A ripping tale of martial glory, commemorating a little-known fighter in a now-forgotten war.
Amedeo Guillet, now 93, was born into a Turin family whose members considered themselves Savoyards first, Italians second, defenders and protectors of “Europe’s oldest and most tenacious ruling dynasty.” Entering military service as a young man, he shone brightly as a familiar of the soldier king Vittorio Emmanuele III, an equestrian member of Italy’s 1936 Olympic team, and an able leader. A fine soldier, yes—but was he a fascist? British journalist O’Kelly sidesteps such distinctions, suggesting that although Guillet had only the dimmest inkling of what Mussolini intended when he started sending his troops into Libya, and then Ethiopia, he stood ready to serve, convinced that it was his country’s duty to bring law, order, and civilization to the heathens. Guillet distinguished himself as a cavalry commander against the fish-in-a-barrel opposition of Haile Selassie’s troops, served a spell in Spain fighting for Franco, then returned to the desert to take on the British, who proved better armed and tougher than his earlier foes. After leading one of the last great cavalry charges in history against a British tank column, he slipped away to organize a guerrilla band that included his Ethiopian lover. (“They had been friends, enjoying each other as life flashed by,” O’Kelly writes in a bodice-ripping moment. “But an empire had fallen since then, and their relationship had deepened.”) After bothering the British a while longer, he returned to Italy just in time to surrender to the Allies, then spent the postwar years serving as a diplomat until retiring to Ireland, enjoying the company of former enemies. O’Kelly spins out this improbable tale with a good eye for dramatic incidents, in which this account abounds, avoiding the usual blood-and-guts clichés. If only our hero—and so he was—had fought for a better cause.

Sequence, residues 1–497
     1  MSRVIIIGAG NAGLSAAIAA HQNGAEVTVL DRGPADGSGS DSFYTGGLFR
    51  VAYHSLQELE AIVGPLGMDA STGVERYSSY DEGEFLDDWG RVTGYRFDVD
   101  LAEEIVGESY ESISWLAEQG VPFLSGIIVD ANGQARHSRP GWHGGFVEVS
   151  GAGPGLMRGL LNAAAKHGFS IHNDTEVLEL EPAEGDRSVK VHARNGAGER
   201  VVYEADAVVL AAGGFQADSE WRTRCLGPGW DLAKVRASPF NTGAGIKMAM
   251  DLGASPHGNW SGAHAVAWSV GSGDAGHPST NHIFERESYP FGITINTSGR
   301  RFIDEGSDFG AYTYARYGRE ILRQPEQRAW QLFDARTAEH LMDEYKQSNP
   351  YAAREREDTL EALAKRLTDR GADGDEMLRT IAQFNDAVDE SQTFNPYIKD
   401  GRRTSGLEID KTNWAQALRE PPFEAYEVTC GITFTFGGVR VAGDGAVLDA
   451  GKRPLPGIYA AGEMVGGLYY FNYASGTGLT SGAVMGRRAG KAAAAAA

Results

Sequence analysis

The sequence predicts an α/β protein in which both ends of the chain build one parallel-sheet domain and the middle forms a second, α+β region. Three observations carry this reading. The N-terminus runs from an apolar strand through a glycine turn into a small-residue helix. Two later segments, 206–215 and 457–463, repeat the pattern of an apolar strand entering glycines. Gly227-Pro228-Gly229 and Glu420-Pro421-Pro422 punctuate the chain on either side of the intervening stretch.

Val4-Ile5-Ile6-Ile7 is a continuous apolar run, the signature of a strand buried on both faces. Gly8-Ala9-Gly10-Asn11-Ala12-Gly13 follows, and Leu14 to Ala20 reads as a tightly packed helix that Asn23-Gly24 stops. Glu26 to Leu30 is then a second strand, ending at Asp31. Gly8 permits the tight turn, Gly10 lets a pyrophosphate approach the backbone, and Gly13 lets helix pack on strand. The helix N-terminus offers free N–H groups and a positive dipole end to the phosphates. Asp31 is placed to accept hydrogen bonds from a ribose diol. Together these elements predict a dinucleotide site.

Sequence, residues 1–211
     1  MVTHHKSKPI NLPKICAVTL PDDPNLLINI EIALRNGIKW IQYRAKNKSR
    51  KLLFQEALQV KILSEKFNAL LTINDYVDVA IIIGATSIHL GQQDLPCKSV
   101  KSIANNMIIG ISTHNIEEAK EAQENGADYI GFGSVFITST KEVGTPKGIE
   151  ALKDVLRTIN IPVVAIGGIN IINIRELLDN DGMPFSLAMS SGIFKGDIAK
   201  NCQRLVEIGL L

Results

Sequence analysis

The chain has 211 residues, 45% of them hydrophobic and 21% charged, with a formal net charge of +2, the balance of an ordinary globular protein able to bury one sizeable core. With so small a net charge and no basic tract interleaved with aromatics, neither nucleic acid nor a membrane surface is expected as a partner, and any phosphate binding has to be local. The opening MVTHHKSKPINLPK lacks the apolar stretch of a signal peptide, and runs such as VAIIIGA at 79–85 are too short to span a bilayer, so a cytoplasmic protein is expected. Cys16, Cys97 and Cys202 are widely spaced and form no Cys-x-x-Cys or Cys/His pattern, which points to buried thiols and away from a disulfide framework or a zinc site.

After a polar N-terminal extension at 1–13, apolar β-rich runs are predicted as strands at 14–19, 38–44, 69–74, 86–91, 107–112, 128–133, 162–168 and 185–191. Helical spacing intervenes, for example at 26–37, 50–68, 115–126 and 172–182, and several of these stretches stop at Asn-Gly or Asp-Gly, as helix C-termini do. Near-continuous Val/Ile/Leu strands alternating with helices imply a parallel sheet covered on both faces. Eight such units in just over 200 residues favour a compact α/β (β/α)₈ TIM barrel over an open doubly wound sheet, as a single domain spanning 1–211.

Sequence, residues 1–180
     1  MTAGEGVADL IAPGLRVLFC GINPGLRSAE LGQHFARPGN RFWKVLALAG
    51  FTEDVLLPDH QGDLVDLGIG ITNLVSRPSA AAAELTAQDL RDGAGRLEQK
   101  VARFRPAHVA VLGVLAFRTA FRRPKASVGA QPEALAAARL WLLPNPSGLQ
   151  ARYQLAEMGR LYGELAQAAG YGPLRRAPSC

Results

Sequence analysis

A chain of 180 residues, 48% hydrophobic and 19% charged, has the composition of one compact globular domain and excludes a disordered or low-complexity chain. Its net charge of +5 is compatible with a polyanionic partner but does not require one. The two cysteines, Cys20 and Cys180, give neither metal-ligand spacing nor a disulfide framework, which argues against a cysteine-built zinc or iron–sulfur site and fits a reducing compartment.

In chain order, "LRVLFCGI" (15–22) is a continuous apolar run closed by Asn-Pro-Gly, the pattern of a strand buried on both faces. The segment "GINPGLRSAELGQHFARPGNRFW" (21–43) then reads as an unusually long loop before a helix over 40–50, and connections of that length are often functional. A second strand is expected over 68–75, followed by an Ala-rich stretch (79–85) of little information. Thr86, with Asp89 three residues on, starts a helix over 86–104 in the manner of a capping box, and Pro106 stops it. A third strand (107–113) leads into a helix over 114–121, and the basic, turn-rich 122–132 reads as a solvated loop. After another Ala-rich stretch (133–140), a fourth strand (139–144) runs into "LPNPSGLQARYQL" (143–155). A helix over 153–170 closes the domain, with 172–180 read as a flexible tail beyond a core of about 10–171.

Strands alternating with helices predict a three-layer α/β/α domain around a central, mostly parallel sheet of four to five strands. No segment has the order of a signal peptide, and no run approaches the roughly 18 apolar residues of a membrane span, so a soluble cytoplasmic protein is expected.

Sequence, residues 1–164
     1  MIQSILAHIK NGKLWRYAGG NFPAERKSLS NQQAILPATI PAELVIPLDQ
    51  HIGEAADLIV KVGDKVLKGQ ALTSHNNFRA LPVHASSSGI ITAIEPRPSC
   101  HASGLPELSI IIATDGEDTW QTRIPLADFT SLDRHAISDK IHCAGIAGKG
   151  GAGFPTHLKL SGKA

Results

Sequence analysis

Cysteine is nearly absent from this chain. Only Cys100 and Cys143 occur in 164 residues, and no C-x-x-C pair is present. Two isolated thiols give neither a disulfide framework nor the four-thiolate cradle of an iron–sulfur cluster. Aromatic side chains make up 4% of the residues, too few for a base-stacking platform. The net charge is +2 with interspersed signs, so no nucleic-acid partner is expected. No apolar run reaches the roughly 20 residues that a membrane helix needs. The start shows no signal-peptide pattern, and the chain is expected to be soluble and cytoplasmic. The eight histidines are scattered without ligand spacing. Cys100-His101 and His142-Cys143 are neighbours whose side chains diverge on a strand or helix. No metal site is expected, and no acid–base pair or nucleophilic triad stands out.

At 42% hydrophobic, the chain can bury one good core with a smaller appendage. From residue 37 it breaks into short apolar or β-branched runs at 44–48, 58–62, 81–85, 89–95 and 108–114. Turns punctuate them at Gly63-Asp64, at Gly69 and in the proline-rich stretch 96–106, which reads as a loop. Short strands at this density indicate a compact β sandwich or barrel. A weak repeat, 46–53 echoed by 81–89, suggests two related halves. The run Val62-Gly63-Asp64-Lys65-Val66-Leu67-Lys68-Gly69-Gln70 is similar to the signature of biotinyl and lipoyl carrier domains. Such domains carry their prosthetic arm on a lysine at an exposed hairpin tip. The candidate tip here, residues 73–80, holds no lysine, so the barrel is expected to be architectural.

A satisfying morsel for fans of The Four Feathers and Lawrence of Arabia—or perhaps of Rafael Sabatini.